CHARLESTON, W. Va. - When a state's legal reputation is so poor that it is widely regarded as the worst in which to do business, it is normally pretty hard to shock the legal community.
That's not the case with West Virginia, attorney Ted Frank said Monday.
Frank, the director of the American Enterprise Institute's Liability Project who graduated in 1994 with High Honors from The Law School at The University of Chicago, said he was stunned by a recent West Virginia Supreme Court decision that will hold pharmaceutical companies responsible for informing prospective consumers of any of their drug's side affects.
Frank feels the decision was politically motivated and was done with the intention of fattening trial lawyers' pockets.
"This goes beyond what I would expect (from West Virginia), because it's just utterly lawless," Frank said. "It's just completely unprecedented. There are 47 states that hold in the other way, and they are going out on a limb for expressly non-legal reasons.
"That's politics. That's not law."
At issue is a 33-page 3-2 majority opinion authored by Chief Justice Robin Davis that addresses the learned intermediary doctrine. Essentially, the decision refuses to acknowledge the doctrine in the state, leaving pharmaceutical companies just as liable for a learned intermediary's (i.e. doctors) prescription suggestions.
Any plaintiff suing a doctor for misdiagnosing a drug may add that pharmaceutical company as a defendant, if the pharmaceutical company had not specifically informed that plaintiff of any side effects. Justices Larry Starcher and Spike Maynard agreed with Davis, while Brent Benjamin and Joseph Albright did not.
The decision violates the federal regulatory system currently in place, which calls for warning labels, Frank said.
"There just isn't a legal standpoint, because nobody else has done this," Frank said. "The argument that pharmaceutical companies should have a duty inform consumers ignores federal regulatory system we have.
"It's like they're talking about a different universe."
And those West Virginians who are not harmed by any prescription drugs could also be on the losing end of the decision. Frank said pharmaceutical companies will have to take a close look at conducting business in the state.
That could lead to less availability for prescription drugs, which will drive up prices.
"By simply making drugs available in West Virginia, (pharmaceutical companies) are exposing themselves to tremendous liability, even if they are simply complying with federal law," Frank said. "I think any business at all has to look at what West Virginia's Supreme Court did there and realize that this is a court that does not follow the law.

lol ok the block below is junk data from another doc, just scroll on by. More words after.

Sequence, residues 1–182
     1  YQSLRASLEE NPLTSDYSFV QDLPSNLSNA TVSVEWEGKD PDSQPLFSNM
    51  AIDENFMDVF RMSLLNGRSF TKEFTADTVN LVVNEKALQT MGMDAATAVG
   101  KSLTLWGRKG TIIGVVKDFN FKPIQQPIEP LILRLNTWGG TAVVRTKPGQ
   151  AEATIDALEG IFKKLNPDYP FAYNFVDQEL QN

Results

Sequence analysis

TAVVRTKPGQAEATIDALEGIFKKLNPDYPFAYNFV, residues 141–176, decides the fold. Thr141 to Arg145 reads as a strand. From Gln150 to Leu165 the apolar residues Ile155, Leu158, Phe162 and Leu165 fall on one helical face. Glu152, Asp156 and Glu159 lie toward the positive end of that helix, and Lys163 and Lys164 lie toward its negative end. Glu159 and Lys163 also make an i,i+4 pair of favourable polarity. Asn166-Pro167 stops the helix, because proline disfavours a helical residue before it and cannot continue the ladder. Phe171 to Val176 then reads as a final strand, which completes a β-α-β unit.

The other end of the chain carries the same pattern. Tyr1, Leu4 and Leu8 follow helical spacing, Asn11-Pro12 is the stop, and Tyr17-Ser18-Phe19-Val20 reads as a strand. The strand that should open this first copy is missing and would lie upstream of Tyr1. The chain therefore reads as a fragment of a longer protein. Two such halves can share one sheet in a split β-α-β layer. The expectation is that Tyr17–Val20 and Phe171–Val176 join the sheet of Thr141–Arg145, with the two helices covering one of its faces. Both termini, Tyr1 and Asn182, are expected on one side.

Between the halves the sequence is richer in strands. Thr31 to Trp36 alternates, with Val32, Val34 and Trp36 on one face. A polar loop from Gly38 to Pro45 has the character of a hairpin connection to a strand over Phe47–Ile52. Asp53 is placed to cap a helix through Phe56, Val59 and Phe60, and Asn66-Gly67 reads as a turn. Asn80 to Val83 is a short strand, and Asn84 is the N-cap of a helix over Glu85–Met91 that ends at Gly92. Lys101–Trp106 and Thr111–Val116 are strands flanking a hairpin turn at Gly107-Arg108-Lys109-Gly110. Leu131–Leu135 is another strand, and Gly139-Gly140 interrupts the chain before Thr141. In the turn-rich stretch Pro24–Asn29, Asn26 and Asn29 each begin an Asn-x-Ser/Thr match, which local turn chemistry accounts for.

"I think this will deter companies from coming to West Virginia to do business, and for the Court to so openly do it on the grounds that they did means companies who do will have on certainly on the law."
Tort reform groups like the U.S. Chamber of Commerce have long pointed to West Virginia as an area with a legal environment so untenable it drives away prospective businesses. The most recent Judicial Hellholes report released by the American Tort Reform Association ranked the state as the worst hellhole.
West Virginia's trial lawyer organization, the West Virginia Association for Justice, commended the Court's ruling, while Marjorie Powell, Senior Assistant General Counsel for the Pharmaceutical Research and Manufacturers of America, said she was troubled by it.
"It concerns us that West Virginia, contrary to 47 other jurisdictions, doesn't recognize the learned intermediary rule," Powell said. "It's not possible for patients to self-diagnose or determine which of multiple drugs would be best for them or to understand the warnings that would have to be written.
"It's still true in West Virginia -- as in every other jurisdiction -- that you can't get a prescription drug without a physician. I believe physicians in West Virginia are as careful as they are in other jurisdictions.
"Companies face more risks in West Virginia. From our perspective, it is not possible to provide an adequate warning of all of the risks."
It's just another controversial chapter in the state's sordid legal history. Attorneys Jim Beck and Mark Herrmann even compiled a list of the jurisdictions that recognize the learned intermediary doctrine. Meanwhile, Frank says only one court has ever made a similar argument to West Virginia's.
"Nobody has gone as far as West Virginia did," Frank said. "I get the opinion that they are making a political decision -- here is a way to get more money for individual West Virginians and the heck with what the law says and public policy.
"It's purely an earmark for trial lawyers."